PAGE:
Wearables

Batband headphones provide ears-free listening

Batband headphones provide ear...
The Batband uses three transducers to relay sound waves to the wearer's inner ear via the bones of the skull
The Batband uses three transducers to relay sound waves to the wearer's inner ear via the bones of the skull
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The Batband uses three transducers to relay sound waves to the wearer's inner ear via the bones of the skull
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The Batband uses three transducers to relay sound waves to the wearer's inner ear via the bones of the skull
The Batband pairs with a mobile device via Bluetooth
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The Batband pairs with a mobile device via Bluetooth
The Batband has a built-in microphone, meaning it can be used for making or receiving phone calls
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The Batband has a built-in microphone, meaning it can be used for making or receiving phone calls
Sensors on the sides of the Batband are used for switching the device on and off, as well as for controlling its features
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Sensors on the sides of the Batband are used for switching the device on and off, as well as for controlling its features

Listening to music via headphones can isolate the listener from the rest of the world. The new Batband bone conduction headphones, however, allow users to to still hear what is going on around them. Audio is transmitted through the bones of the skull, while the ears remain uncovered.

The Batband was designed by Studio Banana Things, which was previously responsible for the Ostrich Pillow and the various riffs off that original concept, such as the Ostrich Pillow Mini. Whereas the Ostrich Pillow is very much about providing seclusion from the outside world, the Batband is aimed at stripping any such separation away.

Studio Banana Things explains that sound waves are transmitted by the Batband at a frequency that allows them to be conducted through the bones in the skull. In this way they are relayed to the inner ear without the need for ear-buds or over-ear cups and this makes them ideal for people who need or want to still hear their surroundings while listening to music, such as cyclists.

The device has three transducers that touch the wearer's head in three different places, which is claimed to guarantee "a hi-fidelity bone-conduction sound experience." Two of the transducers rest against the side of the user's head to conduct sound waves through the temporal bones and the third sits against the back of the head to conduct sound waves through the occipital bone.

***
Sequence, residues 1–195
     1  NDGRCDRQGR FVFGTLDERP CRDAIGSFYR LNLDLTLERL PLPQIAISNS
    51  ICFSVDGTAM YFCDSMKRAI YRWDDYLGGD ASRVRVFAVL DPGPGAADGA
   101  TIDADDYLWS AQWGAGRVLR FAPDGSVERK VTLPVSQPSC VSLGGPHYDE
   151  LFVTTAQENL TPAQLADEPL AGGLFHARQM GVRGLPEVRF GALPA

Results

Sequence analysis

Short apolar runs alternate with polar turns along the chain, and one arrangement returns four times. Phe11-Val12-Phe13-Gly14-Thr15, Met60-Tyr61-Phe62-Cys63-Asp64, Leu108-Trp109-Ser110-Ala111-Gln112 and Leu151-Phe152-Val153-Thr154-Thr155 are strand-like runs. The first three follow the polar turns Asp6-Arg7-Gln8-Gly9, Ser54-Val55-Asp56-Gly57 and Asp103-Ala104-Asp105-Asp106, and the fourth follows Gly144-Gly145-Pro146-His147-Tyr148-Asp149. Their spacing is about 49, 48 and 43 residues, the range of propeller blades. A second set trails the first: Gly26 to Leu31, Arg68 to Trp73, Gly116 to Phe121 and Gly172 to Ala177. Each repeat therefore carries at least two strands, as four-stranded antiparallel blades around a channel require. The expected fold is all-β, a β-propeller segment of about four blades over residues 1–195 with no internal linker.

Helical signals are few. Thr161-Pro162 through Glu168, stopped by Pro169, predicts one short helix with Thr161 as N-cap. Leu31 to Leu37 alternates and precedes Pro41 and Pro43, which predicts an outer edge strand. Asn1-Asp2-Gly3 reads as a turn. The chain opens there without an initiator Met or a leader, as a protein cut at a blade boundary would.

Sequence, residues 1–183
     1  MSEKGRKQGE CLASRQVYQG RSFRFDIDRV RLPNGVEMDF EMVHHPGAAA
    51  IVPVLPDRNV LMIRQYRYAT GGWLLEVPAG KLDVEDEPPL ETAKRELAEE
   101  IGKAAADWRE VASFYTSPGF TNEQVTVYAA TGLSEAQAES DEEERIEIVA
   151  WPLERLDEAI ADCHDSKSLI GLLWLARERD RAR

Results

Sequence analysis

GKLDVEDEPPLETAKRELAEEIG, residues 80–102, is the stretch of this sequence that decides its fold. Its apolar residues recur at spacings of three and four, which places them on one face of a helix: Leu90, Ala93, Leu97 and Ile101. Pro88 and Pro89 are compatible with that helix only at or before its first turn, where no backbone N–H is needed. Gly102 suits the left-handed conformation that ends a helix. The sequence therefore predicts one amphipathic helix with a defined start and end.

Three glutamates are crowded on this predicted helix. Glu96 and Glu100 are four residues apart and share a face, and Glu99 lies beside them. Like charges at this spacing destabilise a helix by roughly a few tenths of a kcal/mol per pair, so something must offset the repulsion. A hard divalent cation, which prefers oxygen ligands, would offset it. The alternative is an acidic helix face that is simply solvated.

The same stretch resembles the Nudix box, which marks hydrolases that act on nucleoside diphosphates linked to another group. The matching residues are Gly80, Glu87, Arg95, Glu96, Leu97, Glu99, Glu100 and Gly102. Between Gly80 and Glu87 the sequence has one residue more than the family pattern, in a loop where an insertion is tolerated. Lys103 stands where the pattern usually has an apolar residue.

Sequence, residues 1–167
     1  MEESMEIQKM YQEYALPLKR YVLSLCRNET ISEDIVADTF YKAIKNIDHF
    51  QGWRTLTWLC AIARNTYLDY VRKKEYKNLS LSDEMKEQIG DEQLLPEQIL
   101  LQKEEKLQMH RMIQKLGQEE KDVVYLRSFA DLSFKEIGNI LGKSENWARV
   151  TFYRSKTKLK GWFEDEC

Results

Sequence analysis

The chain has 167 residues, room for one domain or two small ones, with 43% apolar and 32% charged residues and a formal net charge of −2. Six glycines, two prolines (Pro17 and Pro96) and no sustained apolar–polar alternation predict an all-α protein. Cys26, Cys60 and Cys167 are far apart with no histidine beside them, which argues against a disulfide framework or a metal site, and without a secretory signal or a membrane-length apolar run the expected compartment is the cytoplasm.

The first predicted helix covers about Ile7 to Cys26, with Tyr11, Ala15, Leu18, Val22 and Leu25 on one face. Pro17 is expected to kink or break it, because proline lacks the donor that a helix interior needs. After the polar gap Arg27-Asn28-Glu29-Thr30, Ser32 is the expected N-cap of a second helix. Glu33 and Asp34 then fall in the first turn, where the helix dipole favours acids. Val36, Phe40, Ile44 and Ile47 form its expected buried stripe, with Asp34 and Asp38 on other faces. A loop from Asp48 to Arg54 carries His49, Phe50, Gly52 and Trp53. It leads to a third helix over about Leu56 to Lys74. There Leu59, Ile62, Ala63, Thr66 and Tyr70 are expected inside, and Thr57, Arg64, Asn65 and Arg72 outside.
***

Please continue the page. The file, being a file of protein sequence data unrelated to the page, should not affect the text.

The headphones are paired to a computer or mobile device via Bluetooth for wireless audio streaming. As well as listening to music, they can be used for gaming or even making calls. A built-in microphone allows for two-way communication. A button on the left allows users to switch the device on and off, take and end calls, while a slider on the right is used for skipping tracks and adjusting the volume.

The Batband is powered by a built-in lithium-ion battery, which is said to provide six hours of playback or eight hours of talk-time. A micro USB connector provides a means of charging the device.

A Kickstarter crowdfunding campaign is underway for the Batband. At the time of writing, pledge levels for a single device start at US$149. Assuming all goes to plan with the campaign and roll-out, shipping is expected from April 2016.

The video below is the Kickstarter pitch for the Batband.

Sources: Studio Banana Things, Kickstarter

3 comments
S Michael
Yeah.... I think everybody should get one of these. Then everybody will look stupid... Not a good Idea. HOWEVER..... Not a bad idea for the hard of hearing. bluetooth to the TV.
SciFi9000
@S Michael, I imagine the 1st headphones looked no less stupid, we just got used to everyone wearing them.. this is absolutely no different. I personally would alos offer a wired option to eliminate batteries (assuming it doesn't need more amplification)
SiteGuy
Bone conduction headphones were developed long ago, I believe in the 1960s. They never achieved much popularity, in part because the bass range drops off precipitously using this technique. One hopes that the developers successfully addressed this major engineering challenge, though no mention of it was made in the article. I would think that weak or missing bass would be a deal breaker for a new product of this type.